You're A Grand Old Flag
By George M. Cohan

You're a grand old flag,
You're a high-flying flag,
And forever in peace may you wave.
You're the emblem of the land I love,
The home of the free and the brave.
Ev'ry heart beats true
'Neath the Red, White and Blue,
Where there's never a boast or brag.
But should auld acquaintance be forgot,
Keep your eye on the grand old flag.

Gareth Bio

Now on the threshold of manhood, all Gareth wants is to be a knight. He's pretty sure he knows exactly what knighthood means, too. After all, there has never been a time in his life when he was not surrounded by tales of heroic deeds and examples of chivalrous behavior. His father was a knight, his brothers are knights, and his uncle Arthur is not only a knight but the best of all knights, King Arthur himself. The way Gareth sees it, he ought to be a knight, too. However, there is one problem: Gareth's mother. Now, please do not misunderstand. Gareth loves his mother dearly and admires her for her unswerving devotion to her family. After all, she has spent her entire life caring for an invalid husband and bringing up three wild boys all on her own - not to mention all the housework. But he does get aggravated with her at times, for she will not hear of him leaving the farm to join his brothers at Camelot. And if he can't ever go to will he ever be a knig…

Curios for Writers - Tools for Spinning

It's an established fact: writers are curious people. Curious, meaning each one is a curiosity, but also curious, meaning they want to know things.

Now that I'm starting to dabble in historical fiction, I've realized that the more serious I am with my stories, the more trivial knowledge I'm going to have to store up. Hardly a page into my Arthurian legend retelling, I mentioned a spinning wheel...and in another paragraph, found myself asking just exactly what a spinning wheel was. As I progress in my writing journey, I thought it'd be cool to keep track of what I learn, not just in my head where it will surely get lost, but filed away somewhere. And what better place to document such things than in a blog?

So here it is: my list of writer's curios, which I intend to add onto in the days and months ahead. Enjoy!

Curio #1: The Spinning Wheel

What is it?
It's a tool used for making fleece into yarn. (Not into cloth, as I had some vague idea of its doing before …

St. Francis of Assisi

Today is the feast of St. Francis of Assisi! Hooray! This holy man is quite possibly one of the most popular saints ever. Usually, when we think of him, we might imagine him surrounded by animals or talking to the birds. This is because St. Francis had a great love for God's creation and is a beautiful and fitting way to think of him. However, St. Francis was more than just a man who loved nature. He was devoted, first and foremost, to God, and it is out of this love that all his other loves sprang.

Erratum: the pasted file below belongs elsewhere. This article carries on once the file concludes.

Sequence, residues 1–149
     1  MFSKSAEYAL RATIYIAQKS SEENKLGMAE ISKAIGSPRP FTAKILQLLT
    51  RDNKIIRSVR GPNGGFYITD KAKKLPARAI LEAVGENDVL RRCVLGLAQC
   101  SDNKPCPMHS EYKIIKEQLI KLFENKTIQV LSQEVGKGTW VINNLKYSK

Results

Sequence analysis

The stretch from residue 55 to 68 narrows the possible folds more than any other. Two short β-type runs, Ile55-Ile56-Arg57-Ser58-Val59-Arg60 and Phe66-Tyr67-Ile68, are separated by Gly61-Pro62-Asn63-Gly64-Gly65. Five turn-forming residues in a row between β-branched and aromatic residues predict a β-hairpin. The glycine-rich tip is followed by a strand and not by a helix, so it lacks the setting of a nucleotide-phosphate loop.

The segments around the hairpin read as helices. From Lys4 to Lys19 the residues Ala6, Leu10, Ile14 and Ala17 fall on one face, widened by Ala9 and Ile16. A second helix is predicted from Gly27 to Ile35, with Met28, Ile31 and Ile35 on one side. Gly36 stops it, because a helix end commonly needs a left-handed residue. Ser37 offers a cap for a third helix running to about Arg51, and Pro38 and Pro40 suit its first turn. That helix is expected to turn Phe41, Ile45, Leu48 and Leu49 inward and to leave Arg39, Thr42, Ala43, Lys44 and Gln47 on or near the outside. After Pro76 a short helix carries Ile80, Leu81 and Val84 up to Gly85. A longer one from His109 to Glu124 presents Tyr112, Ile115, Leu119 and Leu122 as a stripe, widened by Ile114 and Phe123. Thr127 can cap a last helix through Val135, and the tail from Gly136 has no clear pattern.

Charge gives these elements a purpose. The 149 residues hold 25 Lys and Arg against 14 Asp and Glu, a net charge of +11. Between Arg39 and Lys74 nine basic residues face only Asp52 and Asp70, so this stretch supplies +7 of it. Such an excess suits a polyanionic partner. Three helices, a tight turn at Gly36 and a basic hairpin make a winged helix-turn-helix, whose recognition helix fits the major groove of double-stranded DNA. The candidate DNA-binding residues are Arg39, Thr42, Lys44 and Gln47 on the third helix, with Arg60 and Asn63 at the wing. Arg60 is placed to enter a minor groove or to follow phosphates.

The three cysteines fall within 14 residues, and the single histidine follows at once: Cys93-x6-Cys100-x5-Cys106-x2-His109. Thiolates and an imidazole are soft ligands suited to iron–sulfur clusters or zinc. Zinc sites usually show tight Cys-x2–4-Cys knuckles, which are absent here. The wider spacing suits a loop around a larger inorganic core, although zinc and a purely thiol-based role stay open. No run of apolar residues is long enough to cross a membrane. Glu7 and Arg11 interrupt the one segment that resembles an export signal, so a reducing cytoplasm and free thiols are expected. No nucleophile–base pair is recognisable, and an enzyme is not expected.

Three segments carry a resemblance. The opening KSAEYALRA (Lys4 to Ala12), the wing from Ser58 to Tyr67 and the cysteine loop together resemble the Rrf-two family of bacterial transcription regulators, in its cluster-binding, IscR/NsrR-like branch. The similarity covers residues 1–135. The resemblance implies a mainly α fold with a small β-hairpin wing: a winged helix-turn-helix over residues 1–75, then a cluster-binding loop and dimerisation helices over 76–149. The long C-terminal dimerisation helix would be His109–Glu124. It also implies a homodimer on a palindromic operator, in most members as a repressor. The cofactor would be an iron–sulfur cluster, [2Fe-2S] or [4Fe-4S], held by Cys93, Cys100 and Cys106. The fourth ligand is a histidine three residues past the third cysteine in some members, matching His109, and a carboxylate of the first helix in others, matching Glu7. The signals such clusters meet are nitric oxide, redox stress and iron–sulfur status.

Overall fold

Including his love for Lady Poverty.  Who was Lady Poverty? Lady Poverty was St. Francis' way of seeing the virtue of detachment from worldly goods - dependence on God, and not on earthly riches. When he was a young man and still rather attached to the things of earth, like riches and parties and raucous young friends, he had a vision of this beautiful lady and fell desperately in love with her. As a result of this vision, he gave up everything he owned and followed Christ withou…

Strains of Patriotism - The Star-Spangled Banner

I love this country. Granted, it's got some problems. Make that a lot of problems. But every time the Fourth of July comes around, every time I see Old Glory waving in all her majestic splendor on high, and every time I hear a strain of patriotic music, I'm seized with a fit of patriotism that makes me want to wear red, white, and blue every day.

Is there anything wrong with this? Of course not! Just because our country is sick does not mean we should abandon her. Indeed, this is the time when we should most steadfastly stand by her - not by her flaws and imperfections, but by America herself, the true America which our founding fathers envisioned, the land of the free and the home of the brave. For it is only through the fire of virtuous patriotism that we can ever hope to burn away the many ugly blots which stain our country's flag and make it into the nation we owe our allegiance to.

With that said, I've decided to encourage this little flame of enthusiasm to grow a…

Christina's Interview

Here is my interview of my character Christina Tenth. (News flash: on September 30, I finished my beloved scatterbrained concoction of a book, The Prince's Pendant! It's over 250 pages long, illustrated with pictures from some dear younger siblings, and very, very messy. I'm ecstatic.) Enjoy!

*setting: a dingy little shop, illuminated by one weak light bulb, and smelling of polished metal and oily rags. I stand in one corner, looking about awkwardly. Enter Christina, her hands on her hips, her face smeared with black, and wisps of her red hair, having escaped from her pony tail, hanging loosely about her face. I walk forward to greet her.*